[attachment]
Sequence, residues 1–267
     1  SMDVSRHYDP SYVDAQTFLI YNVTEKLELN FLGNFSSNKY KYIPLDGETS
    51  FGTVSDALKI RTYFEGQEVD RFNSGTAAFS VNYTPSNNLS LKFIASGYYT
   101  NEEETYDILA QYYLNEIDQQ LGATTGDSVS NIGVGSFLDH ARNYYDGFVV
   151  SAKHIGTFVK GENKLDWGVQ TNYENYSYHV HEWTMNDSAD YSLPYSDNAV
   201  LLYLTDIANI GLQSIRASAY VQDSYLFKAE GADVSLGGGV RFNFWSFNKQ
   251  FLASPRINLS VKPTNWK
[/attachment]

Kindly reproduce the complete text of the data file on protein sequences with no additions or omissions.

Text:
Sequence, residues 1–267
     1  SMDVSRHYDP SYVDAQTFLI YNVTEKLELN FLGNFSSNKY KYIPLDGETS
    51  FGTVSDALKI RTYFEGQEVD RFNSGTAAFS VNYTPSNNLS LKFIASGYYT
   101  NEEETYDILA QYYLNEIDQQ LGATTGDSVS NIGVGSFLDH ARNYYDGFVV
   151  SAKHIGTFVK GENKLDWGVQ TNYENYSYHV HEWTMNDSAD YSLPYSDNAV
   201  LLYLTDIANI GLQSIRASAY VQDSYLFKAE GADVSLGGGV RFNFWSFNKQ
   251  FLASPRINLS VKPTNWK